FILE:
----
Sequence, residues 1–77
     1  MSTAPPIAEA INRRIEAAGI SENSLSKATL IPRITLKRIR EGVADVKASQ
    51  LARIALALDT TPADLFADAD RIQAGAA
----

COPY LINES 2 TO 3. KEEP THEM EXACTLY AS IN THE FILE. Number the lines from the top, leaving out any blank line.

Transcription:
     1  MSTAPPIAEA INRRIEAAGI SENSLSKATL IPRITLKRIR EGVADVKASQ
    51  LARIALALDT TPADLFADAD RIQAGAA